With regards to your question about what can be done to protect the players, I posted this article in another thread that raises some interesting questions about football, concussions, and the rules by which the game is played. One of the ways to mitigate the whole bigger faster players issue is to expand the playing surface like the CFL for football. There are, per capita, fewer concussions, or rather fewer reported concussions in the CFL than the NFL. The style of play in the CFL doesn't necessarily allow for guys to tee off with head shots as often as is possible on a more restrictive playing surface like the NFL field. The article also brings up several other possibilities such as the one yard off the ball helping keep linemen from hitting head to head less often. In another thread it was pointed out how the NFL game is becoming a bit more like the CFL, I think eventually if the data on the CFL style game and concussions bears out the NFL will have to become even more like the CFL in order to save itself.

Now with the Seau family suing the NFL, if they should win their suit that could have huge repercussions for sports such as football and hockey in a shorter time frame. What I don't get is why football, hockey, and boxing are taking the brunt of the attack regarding concussions and brain injuries, but I feel like MMA has gotten a relative free pass on the issue so far. Talk about repetitive blows to the head and concussions.

The NFL to its credit did act quickly since 2010 to retrain current players, by many a means, to lower their aiming points on hits. For the most part, the efforts have succeeded.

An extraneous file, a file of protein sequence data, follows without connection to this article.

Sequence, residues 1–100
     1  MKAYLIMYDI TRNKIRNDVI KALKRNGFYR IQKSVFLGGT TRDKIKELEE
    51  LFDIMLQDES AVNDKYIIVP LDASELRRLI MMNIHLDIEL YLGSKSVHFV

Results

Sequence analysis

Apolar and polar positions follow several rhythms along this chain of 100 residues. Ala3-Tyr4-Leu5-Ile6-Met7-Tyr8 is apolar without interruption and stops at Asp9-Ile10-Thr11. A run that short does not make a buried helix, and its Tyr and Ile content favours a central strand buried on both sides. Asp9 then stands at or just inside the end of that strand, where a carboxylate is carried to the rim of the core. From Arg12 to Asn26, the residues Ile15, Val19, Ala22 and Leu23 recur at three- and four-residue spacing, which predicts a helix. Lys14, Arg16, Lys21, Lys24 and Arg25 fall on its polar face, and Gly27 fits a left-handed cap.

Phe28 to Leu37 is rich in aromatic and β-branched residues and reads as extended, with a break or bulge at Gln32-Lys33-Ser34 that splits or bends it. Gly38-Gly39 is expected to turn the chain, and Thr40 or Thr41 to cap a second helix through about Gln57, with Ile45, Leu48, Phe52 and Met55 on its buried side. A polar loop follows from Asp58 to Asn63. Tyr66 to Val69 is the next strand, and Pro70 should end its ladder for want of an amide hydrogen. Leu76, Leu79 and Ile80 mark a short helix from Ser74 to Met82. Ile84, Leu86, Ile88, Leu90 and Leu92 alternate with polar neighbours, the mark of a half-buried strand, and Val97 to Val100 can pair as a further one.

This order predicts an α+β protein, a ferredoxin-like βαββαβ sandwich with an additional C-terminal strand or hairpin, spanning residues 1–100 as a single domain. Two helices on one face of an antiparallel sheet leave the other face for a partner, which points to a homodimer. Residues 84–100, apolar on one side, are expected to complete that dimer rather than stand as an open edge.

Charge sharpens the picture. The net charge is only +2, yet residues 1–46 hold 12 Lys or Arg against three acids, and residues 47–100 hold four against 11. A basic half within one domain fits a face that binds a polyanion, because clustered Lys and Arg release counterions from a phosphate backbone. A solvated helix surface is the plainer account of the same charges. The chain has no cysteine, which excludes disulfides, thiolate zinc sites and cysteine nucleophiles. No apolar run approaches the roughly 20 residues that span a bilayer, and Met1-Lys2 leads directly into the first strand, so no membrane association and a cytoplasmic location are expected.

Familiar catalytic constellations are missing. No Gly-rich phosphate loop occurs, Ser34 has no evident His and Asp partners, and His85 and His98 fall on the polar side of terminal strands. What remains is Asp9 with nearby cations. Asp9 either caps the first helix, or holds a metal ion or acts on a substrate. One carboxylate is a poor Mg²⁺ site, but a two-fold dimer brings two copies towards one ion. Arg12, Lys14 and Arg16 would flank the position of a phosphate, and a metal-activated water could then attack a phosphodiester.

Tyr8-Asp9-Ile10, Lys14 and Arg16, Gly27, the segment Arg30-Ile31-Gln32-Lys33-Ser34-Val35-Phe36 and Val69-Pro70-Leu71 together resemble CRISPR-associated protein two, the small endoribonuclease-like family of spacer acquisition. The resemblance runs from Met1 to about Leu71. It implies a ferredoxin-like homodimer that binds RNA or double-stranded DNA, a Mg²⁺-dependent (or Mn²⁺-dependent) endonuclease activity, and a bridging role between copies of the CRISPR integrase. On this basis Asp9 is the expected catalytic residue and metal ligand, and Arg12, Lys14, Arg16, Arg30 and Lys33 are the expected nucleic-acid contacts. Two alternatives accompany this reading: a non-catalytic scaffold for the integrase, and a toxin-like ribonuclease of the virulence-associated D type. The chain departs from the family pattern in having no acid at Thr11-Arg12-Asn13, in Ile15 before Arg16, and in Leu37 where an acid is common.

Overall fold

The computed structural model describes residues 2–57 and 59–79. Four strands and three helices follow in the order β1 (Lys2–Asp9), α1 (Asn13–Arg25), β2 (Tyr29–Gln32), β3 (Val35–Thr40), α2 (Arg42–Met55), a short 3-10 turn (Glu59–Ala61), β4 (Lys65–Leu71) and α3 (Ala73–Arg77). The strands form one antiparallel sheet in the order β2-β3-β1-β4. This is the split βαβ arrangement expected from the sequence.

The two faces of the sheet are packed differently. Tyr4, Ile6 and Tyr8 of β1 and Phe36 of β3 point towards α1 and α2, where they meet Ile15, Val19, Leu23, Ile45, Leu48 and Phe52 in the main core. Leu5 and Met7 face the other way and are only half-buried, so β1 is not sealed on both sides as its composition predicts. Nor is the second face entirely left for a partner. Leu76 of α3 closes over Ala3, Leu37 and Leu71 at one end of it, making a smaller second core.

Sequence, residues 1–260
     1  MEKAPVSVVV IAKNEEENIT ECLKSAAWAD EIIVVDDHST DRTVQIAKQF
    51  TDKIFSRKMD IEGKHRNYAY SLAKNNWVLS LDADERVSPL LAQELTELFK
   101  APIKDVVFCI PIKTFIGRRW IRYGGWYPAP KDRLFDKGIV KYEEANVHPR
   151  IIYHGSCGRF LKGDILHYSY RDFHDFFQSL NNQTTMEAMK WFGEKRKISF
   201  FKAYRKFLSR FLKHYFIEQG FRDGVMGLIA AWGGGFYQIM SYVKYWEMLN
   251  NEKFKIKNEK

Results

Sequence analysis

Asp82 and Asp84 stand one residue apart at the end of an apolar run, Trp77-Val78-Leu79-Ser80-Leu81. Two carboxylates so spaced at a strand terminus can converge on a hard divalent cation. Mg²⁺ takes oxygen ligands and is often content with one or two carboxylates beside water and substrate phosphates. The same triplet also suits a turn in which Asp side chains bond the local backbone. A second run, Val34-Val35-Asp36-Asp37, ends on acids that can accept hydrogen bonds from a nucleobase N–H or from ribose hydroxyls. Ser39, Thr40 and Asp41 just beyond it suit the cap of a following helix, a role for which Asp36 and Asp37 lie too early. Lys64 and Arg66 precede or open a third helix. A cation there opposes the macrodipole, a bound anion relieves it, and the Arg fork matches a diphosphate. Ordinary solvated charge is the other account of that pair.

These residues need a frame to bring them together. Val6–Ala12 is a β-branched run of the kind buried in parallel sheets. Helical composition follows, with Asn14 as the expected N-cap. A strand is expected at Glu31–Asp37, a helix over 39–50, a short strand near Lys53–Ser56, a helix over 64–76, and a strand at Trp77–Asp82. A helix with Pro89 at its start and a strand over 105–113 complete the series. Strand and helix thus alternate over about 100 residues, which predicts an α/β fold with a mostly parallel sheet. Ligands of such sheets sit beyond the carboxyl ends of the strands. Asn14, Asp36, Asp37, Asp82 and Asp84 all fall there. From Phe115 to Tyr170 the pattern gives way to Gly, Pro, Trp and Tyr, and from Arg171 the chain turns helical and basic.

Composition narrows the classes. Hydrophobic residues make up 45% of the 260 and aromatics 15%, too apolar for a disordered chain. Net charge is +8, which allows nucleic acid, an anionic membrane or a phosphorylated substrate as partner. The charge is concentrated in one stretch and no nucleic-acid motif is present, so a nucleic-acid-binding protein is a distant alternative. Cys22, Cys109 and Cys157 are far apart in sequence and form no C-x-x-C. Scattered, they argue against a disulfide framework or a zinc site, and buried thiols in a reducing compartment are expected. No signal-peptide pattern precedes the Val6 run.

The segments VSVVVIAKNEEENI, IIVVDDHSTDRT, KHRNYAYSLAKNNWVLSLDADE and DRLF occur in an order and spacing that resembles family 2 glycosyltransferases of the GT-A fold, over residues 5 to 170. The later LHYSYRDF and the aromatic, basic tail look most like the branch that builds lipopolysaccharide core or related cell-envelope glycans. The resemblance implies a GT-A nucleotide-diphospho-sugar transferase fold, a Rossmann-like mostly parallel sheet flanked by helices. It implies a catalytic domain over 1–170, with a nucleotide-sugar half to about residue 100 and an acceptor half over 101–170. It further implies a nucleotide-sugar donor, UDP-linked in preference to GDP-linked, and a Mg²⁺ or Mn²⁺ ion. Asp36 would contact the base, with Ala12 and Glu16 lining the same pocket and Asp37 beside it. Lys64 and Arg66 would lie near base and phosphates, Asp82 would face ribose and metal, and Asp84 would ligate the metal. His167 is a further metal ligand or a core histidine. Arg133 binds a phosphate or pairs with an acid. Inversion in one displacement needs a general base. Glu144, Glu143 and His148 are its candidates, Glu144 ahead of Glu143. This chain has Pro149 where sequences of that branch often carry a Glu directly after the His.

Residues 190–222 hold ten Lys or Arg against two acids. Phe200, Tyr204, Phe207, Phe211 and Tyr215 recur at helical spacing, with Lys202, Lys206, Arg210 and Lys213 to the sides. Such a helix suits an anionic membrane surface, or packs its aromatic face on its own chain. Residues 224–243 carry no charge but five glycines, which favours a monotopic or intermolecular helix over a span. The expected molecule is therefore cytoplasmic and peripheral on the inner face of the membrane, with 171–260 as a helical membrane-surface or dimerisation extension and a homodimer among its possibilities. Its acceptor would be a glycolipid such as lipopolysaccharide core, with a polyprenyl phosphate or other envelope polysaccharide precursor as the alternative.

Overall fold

Going a step further, outright blows to the head or neck of a standing player, whether or not with a helmet, just need to be outlawed altogether. All hits to standing players must be from the shoulders down with of course the quarterback protected at the knees or below and certain low blocks outlawed.

I've seen too many a play stand without penalty, as is the case now, when any given tackler just draped himself around the ball-carrier's neck without resorting to the horse collar. That's still dangerous play too. In fact the neck is more vulnerable than the protected head that everyone is talking about!

Of course if the player ducks his head, it's a different matter but you still should not be able to wrap around his neck with your arms or throw a padded forearm to his helmet or neck. Somehow they got rid of the clothesline move decades ago, but they did not outlaw any other hits to the neck. Why not?

We have to grant though that even a wicked helmet-to-helmet hit after the offensive player dropped his head cannot be avoided.

[url=] ... n-tackling[/url]

It's a few years slow in simplifying the matter compared to the complicated rules the NFL began with in 2010, but Goodell is explaining the matter in simpler terms now.

The bottom line is that no tackling should involve the head but for limited exceptions for incidental contact.

We have to grant though that even a wicked helmet-to-helmet hit after the offensive player dropped his head cannot be avoided.
Following up to my comment below as copied, at least now in the NFL it is also a penalty for an offensive player to lead with the crown of his helmet. Leading with the head up and front of the helmet and/or face mask is still okay even if the player is headed in a downward direction.

The NFL got this one right too despite all the howls from running backs.